On the lowest level, a computer program is a list of instructions. When one instruction is completed, the next one is processed. Multiple-processor systems can technically run two simultaneous “threads” of program, but they still work the same way: one instruction at a time. Since Virtual Boy has only one CPU, this makes the job a lot simpler. An interpreter simply reads the bytes for the next instruction, figures out what it means, then carries it out. Even someone not overly obsessed with computer science will notice that this is… well, an obvious approach. I mean, how else is it supposed to work?
And that’s the point. The interpreter approach to emulation is by far the most intuitive and easy to understand, and since it operates with such strict control over the entire process, it’s also very accurate. This is the key benefit to interpretation. Debuggers written for interpreting emulators are likewise very easy to use, since programs can be inspected one CPU instruction at a time, even if the instructions themselves were designed for a CPU other than the one running the host system. I really can’t say enough good things about interpretation, so I’ll leave it at that for now.
That all said, interpretation has an ironic insufficiency: it’s complex. I know, it seems weird, but the act of parsing every single instruction and figuring out what to do with it each time takes a lot of work on behalf of the host CPU. Although it’s a simple technique, the actual work involved turns out to make the whole process somewhat inefficient. So that’s going to be the main drawback to interpretation: it’s about as slow as any approach to emulation can be.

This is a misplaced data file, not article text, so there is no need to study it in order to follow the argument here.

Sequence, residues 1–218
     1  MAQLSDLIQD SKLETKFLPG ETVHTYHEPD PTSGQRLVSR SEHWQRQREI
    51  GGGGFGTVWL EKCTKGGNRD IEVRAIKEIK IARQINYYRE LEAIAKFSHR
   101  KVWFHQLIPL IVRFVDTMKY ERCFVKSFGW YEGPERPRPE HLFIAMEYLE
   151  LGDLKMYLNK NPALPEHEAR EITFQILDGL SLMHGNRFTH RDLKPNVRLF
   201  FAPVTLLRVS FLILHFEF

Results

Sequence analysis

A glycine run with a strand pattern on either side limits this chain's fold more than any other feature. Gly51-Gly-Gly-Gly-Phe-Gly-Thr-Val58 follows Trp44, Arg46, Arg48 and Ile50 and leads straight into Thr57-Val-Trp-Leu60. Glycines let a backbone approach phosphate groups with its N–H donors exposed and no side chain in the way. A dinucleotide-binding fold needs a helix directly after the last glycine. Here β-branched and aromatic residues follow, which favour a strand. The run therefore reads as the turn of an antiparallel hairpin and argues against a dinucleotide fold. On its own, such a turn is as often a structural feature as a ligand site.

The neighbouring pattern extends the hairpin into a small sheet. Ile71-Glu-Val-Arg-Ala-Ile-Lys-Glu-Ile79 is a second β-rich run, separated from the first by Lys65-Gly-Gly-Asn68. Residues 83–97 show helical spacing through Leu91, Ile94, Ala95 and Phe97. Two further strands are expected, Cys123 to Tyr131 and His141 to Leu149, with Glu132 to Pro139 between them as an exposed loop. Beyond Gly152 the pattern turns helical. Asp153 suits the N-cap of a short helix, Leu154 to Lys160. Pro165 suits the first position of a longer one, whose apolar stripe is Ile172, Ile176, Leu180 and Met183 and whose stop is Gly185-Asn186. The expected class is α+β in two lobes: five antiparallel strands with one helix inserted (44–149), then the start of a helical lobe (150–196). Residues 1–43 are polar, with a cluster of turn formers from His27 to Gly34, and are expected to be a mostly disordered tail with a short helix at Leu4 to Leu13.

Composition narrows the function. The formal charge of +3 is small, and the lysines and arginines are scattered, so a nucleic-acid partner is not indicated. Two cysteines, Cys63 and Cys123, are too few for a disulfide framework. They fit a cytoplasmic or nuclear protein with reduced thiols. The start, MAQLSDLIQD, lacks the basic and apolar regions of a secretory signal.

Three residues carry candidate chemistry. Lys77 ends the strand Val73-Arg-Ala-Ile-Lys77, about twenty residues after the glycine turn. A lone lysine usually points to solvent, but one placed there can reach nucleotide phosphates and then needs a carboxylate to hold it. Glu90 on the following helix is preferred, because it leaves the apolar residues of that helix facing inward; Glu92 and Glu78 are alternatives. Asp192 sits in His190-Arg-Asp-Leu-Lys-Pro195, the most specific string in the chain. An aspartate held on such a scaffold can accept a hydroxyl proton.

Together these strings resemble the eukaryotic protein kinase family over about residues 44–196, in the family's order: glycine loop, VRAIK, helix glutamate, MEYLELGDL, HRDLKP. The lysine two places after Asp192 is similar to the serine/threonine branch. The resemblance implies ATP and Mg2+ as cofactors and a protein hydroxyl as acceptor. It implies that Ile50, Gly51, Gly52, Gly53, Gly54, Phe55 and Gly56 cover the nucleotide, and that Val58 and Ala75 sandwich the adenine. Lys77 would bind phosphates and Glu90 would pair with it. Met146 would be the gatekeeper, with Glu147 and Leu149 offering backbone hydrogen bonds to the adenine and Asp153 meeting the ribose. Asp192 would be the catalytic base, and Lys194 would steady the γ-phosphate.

This leads us to…
I had this awesome story in mind regarding UltraHLE, but then I remembered that its success wasn’t due to recompilation, but due to something even more make-believe. Rather than pretend to be the Nintendo 64 exactly, it would delegate processes to pre-compiled libraries or graphics adapters, meaning it wasn’t a true emulation so much as a reasonable facsimile. Either way, that has nothing to do with recompilation, but at least it’s worth noting!
Most programs nowadays are written in C or something like it, which holds true for Virtual Boy games. In fact, I’m pretty sure the GNU C++ compiler basically converts source code into C before the assembly step. Compiled C code has three extraordinarily useful characteristics that can really speed up the process of emulation: 1) all code exists inside functions, 2) all bytes between the first and last instruction of a function belong to and are code for that same function, and 3) all branches within a function will never jump outside of the function. There are some exceptions, such as self-modifying code in RAM or what-not, but bear with me here…